At the end of this, the power of serendipity and the influence of ‘who you know’ was brought into stark relief. As an undergraduate, I had been lucky enough to have George Poste – also a Bristol graduate, but then doing a PhD in virology – as my personal tutor. George, who is one of the few veterinary surgeons to be a Fellow of the Royal Society (FRS), had moved to the USA to take up a research post at Roswell Park Memorial Institute in Buffalo, New York. His field of research on tumour progression and metastatic spread had brought him into contact with Dr Isaiah J. Fidler, an outstanding American scientist and major cancer researcher with a veterinary background, who was looking for a veterinary surgeon with research training. I can only assume that Josh Fidler thought that all English vets with PhDs must be as clever as George Poste, for, on George's recommendation, he contacted me and offered me a post in his laboratory without reading my rather pedestrian thesis. This fortuitous event set the area in which I would work for the next 35 years. Namely, how do tumour cells metastasise and what are the cellular and molecular characteristics that underlie this behaviour?

Photograph: Cancer Research UK

Middle years in research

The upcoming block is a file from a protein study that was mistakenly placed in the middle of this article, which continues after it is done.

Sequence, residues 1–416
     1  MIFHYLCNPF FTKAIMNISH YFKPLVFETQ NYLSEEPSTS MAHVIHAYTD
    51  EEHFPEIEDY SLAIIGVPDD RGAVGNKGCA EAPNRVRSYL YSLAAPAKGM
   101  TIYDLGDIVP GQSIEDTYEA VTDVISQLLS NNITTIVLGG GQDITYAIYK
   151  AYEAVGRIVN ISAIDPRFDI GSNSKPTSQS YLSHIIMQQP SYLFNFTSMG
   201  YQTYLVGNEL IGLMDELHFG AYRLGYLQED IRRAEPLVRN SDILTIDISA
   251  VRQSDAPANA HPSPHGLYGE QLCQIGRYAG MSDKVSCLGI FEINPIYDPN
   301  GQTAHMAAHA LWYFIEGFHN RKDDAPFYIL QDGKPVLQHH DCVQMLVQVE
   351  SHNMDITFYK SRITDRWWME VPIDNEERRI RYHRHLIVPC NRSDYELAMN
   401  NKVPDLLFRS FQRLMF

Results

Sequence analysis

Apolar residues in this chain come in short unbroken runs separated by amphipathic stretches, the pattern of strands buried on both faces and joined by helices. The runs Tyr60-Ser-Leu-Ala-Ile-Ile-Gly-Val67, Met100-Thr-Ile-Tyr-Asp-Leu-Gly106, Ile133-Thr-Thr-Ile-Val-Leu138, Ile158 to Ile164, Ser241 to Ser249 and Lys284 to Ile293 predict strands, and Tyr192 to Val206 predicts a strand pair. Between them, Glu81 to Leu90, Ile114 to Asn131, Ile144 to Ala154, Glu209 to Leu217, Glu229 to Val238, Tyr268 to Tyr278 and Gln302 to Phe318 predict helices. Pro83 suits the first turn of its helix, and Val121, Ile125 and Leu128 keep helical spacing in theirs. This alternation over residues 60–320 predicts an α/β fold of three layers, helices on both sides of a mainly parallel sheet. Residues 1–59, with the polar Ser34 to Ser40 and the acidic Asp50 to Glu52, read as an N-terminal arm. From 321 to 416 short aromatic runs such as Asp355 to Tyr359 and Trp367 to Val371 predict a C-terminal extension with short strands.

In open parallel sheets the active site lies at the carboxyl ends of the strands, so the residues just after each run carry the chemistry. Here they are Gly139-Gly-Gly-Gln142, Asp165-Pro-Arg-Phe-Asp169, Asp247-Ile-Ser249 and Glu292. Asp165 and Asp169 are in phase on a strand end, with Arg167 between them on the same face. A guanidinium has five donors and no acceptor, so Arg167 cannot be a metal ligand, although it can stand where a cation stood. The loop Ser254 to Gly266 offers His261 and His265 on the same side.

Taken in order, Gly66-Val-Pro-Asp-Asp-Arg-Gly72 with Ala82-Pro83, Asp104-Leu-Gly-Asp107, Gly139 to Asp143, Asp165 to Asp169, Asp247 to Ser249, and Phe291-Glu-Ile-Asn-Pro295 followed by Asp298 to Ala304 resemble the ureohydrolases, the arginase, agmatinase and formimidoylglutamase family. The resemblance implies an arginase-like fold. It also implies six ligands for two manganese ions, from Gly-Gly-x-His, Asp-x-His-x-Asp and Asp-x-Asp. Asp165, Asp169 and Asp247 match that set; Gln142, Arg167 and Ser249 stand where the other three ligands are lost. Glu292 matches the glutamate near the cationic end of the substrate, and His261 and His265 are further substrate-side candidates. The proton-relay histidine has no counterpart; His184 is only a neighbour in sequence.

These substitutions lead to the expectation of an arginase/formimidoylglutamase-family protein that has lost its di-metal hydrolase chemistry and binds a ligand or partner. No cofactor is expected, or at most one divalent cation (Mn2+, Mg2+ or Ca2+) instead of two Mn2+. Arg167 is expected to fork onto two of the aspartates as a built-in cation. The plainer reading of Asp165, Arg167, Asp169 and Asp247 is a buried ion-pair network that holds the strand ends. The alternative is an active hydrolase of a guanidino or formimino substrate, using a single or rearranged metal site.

From 1976 to 1983 I worked with Josh in his laboratory in the Frederick Cancer Center, Frederick, Maryland. It was a time of immense excitement and high productivity, and I learned how to publish, how to design experiments and, in the latter three years, how to run a small research team. Again, I was so lucky to have yet another generous mentor who was supportive in all matters. A successful career in research often is dependent upon spending time in an excellent laboratory where science is conducted at the highest level, and I was fortunate to access such an environment.

In 1983, I returned to the UK to head a laboratory at what was then the Imperial Cancer Research Fund (ICRF) in London (before the merger with the Cancer Research Campaign, which would create Cancer Research UK [CRUK] an organisation with which I have had an affiliation for the past 28 years). While working at the ICRF I had a lab next to Sir Paul Nurse (president of the Royal Society) and was a colleague of him and Sir Tim Hunt, joint winners of the Nobel Prize for Physiology or Medicine 2001, so I certainly learned what really good science looked like, and this spurred me on to try to improve my own standards.